The remaining three are Karpaty, Dnipro, and Volyn. Karpaty and Dnipro would both be relatively safe had it not been for the hefty point penalties imposed on them for various financial irregularities, but instead find themselves mired in a battle for survival. After enduring a dismal first half to the season Karpaty are all of a sudden in the midst of a resurgence and are undefeated in their last five. Dnipro also have yet to lose since the resumption of the season in March, though they have drawn four of their last five matches.
For Volyn, meanwhile, the situation is dire. The club lost their twelfth match in a row and salaries are seven months overdue. They seem like certain candidates for relegation, which leaves Dnipro and Karpaty in a showdown to remain in the Premier League next season. Karpaty currently have a three point advantage, but the two upcoming fixtures between the sides may ultimately decide which of these historic clubs will suffer the ignominy of relegation. Dnipro have never been relegated in the history of independent Ukrainian football, and Karpaty have spent just two seasons outside of the top flight. One of them, however, is unlikely to survive.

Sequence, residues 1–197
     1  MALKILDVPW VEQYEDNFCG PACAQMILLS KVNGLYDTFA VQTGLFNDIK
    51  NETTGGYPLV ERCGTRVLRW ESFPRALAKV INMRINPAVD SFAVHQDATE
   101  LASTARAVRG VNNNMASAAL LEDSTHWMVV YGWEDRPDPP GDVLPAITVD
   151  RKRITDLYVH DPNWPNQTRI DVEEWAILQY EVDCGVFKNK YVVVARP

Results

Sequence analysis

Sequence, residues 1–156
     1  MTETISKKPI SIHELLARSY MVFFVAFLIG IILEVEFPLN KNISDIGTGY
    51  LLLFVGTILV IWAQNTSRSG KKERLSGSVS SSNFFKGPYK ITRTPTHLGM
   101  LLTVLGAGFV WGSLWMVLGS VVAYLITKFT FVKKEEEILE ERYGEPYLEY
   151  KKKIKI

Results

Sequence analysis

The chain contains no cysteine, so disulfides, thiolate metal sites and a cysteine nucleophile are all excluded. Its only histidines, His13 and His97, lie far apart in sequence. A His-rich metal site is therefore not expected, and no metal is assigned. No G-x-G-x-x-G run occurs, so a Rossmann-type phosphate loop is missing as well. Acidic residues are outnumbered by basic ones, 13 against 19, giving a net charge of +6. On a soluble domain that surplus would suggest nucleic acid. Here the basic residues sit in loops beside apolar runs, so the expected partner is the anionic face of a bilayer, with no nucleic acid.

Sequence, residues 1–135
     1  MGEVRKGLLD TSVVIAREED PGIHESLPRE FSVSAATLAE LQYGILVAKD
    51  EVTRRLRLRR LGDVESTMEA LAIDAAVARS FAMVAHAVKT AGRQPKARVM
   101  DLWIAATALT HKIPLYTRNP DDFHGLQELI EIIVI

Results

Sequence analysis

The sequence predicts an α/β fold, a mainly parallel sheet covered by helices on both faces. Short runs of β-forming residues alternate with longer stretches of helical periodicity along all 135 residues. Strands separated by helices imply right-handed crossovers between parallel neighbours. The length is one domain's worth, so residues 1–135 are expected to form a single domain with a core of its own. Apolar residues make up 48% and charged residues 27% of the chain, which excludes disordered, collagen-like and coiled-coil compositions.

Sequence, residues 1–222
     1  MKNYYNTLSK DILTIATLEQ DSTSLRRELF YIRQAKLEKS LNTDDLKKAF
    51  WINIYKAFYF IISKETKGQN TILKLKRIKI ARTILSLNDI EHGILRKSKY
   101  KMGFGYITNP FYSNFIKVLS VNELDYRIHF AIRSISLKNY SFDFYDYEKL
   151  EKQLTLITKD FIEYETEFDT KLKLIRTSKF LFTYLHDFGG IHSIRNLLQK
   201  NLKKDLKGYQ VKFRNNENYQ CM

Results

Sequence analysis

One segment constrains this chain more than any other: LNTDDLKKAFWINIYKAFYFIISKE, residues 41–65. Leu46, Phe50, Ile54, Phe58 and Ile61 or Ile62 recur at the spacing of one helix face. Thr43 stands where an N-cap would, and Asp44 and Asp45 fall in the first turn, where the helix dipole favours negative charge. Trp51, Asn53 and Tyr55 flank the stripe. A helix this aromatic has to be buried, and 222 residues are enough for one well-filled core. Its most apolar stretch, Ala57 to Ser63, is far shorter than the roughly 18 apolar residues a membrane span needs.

Vadim Furmanov is a recent graduate of the University of Chicago with a Bachelor’s Degree in Political Science. Originally from Ukraine, Vadim has resided in Chicago since 1994 and is a passionate supporter of both Dynamo Kyiv and the Ukrainian national team. He is also a Chicago Fire season ticket holder and a member of the Fire’s Section 8 supporters group. He writes primarily about Ukrainian football, as well as the intersection between football, politics, and history. You can follow Vadim on Twitter @vfurmanov.